Bumblebee, the latest entry in the ongoing Transformers saga blasts into theaters with a retro 1980’s vibe and characters to match it. The story could have been stronger, but it does set the right tone to move the franchise forward.
Perhaps I’m dating myself just a bit, I was a kid during The Transformers run on television. I cheered when an animated film made it to theaters. I had the toys too. Somehow as I got older, I lost touch with my Transformers past. I suppose that happens to every person as they grow older, remembering fond aspects of their childhood, but putting them away to become more responsible.
Of course, this didn’t stop Michael Bay from reimagining the franchise with big, bombastic action-adventure films. The adult in me didn’t really want to sit through a modern, CGI-enhanced rendition of his childhood. I relented for the first three films and then completely gave up on the later entries.
Why, then, did I actively seek out the latest spinoff, Bumblebee which is now in theaters?
Most importantly, it was because I have a 12-year-old nephew who’s still at that age where he can appreciate the film for what it is, much like I appreciated the cartoon when I was his age. In that, I get to live vicariously through him.
In that same stretch, Christina Hodson’s story allowed me to vicariously live through the late 1980’s setting of the film. Some have equated the story to The Iron Giant and Steven Spielberg’s eponymous E. T., which I agree with. (Mr. Spielberg was an executive producer on this film.)
Those equations are not wrong. Everything that made the prototypical 1980’s fantasy film successful is here. Hailee Steinfeld plays Charlie Watson, a social outcast from both her family and from society. She has a supportive family, but the one, key figure in her life is missing. We know she has potential, but the hole in her life has her wandering aimlessly. That is until Bumblebee comes into her life.
Bumblebee, which is introduced to us in a fairly provocative standoff, is rendered mute. Before I move forward, I suppose I should share that a war has broken out between the Decepticons and the Autobots on Cybertron. If this seems like gobble-de-gook, it’s because it is. Fortunately, for the story we don’t spend too much time involved in the overall Transformers lore. In fact, director Travis Knight steers us clear of most of that, in part because we’ve seen it in the past five movies. More importantly, it allows us to enjoy a single character and their defining moment.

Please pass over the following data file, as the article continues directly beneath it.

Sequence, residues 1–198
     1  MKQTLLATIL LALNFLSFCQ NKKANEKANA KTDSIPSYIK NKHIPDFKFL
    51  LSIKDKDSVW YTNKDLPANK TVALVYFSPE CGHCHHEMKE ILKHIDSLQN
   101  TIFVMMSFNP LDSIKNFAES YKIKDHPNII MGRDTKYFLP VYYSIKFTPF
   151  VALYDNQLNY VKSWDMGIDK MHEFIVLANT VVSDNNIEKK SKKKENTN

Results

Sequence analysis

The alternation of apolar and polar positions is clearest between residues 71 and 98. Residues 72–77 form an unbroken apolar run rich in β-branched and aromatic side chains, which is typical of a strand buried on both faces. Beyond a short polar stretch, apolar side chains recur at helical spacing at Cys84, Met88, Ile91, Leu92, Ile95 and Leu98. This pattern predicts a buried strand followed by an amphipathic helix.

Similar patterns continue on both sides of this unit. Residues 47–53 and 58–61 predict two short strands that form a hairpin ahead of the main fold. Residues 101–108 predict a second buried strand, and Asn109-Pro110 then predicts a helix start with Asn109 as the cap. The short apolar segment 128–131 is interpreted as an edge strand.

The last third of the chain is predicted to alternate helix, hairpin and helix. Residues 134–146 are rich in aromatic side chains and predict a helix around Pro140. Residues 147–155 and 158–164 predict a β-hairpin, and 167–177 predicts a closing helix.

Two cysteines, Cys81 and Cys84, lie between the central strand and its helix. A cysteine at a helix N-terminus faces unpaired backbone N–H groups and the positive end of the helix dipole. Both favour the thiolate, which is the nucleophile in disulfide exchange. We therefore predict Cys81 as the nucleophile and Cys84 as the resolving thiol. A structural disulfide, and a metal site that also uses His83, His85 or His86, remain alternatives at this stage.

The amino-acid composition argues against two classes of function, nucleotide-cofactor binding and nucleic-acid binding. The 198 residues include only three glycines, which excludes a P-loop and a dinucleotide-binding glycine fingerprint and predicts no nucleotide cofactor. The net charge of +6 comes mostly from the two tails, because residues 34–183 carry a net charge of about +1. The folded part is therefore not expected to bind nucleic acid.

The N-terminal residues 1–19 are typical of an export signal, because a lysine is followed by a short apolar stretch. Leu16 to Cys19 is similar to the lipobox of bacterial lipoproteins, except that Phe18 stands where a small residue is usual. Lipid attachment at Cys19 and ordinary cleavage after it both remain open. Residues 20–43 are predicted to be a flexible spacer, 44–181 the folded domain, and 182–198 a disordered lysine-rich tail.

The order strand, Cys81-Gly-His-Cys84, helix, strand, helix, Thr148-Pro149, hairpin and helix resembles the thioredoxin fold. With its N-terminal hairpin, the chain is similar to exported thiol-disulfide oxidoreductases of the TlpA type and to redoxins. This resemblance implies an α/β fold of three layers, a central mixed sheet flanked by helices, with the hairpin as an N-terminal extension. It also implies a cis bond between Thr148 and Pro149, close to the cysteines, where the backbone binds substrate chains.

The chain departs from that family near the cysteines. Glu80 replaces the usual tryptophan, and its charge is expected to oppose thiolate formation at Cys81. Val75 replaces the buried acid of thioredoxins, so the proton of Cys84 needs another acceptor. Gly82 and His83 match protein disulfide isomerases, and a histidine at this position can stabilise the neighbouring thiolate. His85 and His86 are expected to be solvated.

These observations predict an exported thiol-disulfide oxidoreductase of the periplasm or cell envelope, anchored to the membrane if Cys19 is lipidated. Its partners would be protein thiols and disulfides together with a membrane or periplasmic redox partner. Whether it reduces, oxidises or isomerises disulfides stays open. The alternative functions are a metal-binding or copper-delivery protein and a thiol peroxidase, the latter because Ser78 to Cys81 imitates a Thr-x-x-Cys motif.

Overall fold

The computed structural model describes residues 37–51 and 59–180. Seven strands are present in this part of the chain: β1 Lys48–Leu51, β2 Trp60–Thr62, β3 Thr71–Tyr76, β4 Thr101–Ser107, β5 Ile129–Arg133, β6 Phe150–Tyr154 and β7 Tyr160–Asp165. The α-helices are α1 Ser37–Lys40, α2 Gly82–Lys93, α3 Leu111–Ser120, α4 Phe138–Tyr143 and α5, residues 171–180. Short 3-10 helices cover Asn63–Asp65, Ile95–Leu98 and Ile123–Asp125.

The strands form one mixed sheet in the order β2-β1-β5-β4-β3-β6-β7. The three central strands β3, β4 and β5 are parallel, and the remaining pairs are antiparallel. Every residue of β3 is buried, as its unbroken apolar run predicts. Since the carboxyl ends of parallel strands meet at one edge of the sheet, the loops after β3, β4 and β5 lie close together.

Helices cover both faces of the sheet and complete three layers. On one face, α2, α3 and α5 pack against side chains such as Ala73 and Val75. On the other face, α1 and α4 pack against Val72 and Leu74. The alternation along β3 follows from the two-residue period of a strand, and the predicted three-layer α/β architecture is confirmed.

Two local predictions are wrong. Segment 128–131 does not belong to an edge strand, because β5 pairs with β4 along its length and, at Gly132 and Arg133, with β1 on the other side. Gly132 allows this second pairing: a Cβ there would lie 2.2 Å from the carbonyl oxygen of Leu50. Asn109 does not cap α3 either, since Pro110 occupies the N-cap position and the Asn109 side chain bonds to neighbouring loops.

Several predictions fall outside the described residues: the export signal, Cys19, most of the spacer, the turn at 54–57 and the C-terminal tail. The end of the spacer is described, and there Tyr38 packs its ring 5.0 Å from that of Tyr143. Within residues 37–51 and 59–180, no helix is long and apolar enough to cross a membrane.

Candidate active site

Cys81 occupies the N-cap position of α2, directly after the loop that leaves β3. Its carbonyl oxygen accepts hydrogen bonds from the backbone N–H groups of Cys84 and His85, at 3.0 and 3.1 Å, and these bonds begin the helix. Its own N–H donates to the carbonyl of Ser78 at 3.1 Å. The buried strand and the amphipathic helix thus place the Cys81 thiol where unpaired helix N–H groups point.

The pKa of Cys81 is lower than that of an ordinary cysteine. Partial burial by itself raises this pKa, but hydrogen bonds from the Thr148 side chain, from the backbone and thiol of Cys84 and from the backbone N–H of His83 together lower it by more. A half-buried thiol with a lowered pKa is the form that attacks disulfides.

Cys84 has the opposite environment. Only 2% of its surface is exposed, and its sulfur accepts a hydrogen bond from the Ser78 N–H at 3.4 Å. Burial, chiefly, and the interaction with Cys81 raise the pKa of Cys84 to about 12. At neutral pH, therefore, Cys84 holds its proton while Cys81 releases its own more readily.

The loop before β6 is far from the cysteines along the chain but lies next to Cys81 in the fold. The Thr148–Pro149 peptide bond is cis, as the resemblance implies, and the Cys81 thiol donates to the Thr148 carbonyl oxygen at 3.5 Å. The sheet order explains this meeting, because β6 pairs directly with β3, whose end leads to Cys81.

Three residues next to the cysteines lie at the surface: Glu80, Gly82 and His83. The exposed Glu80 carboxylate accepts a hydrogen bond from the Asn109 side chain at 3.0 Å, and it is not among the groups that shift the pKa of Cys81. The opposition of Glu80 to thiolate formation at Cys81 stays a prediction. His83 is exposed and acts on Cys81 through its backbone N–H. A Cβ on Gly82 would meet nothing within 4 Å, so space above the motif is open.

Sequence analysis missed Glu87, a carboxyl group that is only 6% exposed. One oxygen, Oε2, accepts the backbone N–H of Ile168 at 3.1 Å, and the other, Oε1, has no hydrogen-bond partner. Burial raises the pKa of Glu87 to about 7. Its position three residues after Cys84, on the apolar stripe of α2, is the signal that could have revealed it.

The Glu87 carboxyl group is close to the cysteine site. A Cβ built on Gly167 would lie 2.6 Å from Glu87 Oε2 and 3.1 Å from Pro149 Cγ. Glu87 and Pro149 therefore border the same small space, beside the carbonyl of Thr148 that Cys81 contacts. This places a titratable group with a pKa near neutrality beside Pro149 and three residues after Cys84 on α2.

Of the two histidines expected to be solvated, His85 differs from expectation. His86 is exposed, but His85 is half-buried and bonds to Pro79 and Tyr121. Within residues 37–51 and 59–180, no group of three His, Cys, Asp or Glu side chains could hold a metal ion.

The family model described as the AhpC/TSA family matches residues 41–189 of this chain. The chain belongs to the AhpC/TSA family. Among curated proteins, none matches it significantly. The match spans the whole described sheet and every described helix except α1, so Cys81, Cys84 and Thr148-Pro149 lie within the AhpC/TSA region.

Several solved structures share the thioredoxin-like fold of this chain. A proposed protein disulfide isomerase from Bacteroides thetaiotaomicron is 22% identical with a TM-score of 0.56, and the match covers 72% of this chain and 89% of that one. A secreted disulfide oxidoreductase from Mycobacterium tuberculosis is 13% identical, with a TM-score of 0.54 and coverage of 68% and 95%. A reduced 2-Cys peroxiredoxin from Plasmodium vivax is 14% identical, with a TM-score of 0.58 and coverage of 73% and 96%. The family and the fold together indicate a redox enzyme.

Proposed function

Sent as a sentry to protect Earth and to prepare for the coming war, Bumblebee (voice by Dylan O’Brien) is just a cool, emoting character. Here, he communicates more though motion than through voice, though a really strong connection is formed when Charlie realizes that he is teaching himself to learn English so that he can communicate.
On the flip side is the all-encompassing military story. The Army happened to be in the right place at the right time when Bumblebee first arrives and now Jack Burns (John Cena) wants it as does Dr. Powell (John Ortiz). And, this wouldn’t be a Transformers movie without some sort of Decepticon resistance, compliments of Blitzwing (voiced by David Sobolov), Shatter (voiced by Angela Bassett) and Dropkick (voiced by Justin Theroux.)
In spite of Bumblebee, Charlie’s family and friends are pretty cool, if rote characters. Pamela Adlon plays her mom, Sally. She’s the typical mom of the 80’s, overworked and caring. There is an emotional disconnect between mother and daughter that plays nicely as we get further into the story. The geekly brother, this time Otis (Jason Drucker) is fun, but really doesn’t come into his own until the third act. Stephen Schneider plays Ron, Charlie’s stepfather. He tries to help in that condescending 1980’s way. It is awkward to see it portrayed today, but it also rivals the best of that same type of character from the past.
Jorge Lendenborg, Jr (Love, Simon, the upcoming Alita: Battle Angel) plays Memo. He has a lot of feelings for Charlie and he just doesn’t know how to connect with her. It makes for a playful adventure even if we know that it won’t end up going anywhere.
The biggest challenge with this movie is its third act. The story represents all that was good about the 80’s and the worst. Bumblebee works because it doesn’t try to be anything more than it actually is, which is a relief after the last set of Transformers movies. But, what should have actually been a showstopper of a third act really just fades away with a wisp.
Is Bumblebee worth seeing? Yes, it is. Will you enjoy it? Sure. Will you remember it in five minutes? Probably not. But, if you’re looking for popcorn entertainment that the entire family can see, this is your ticket.
Now in theaters, Bumblebee has been rated PG-13 by the MPAA.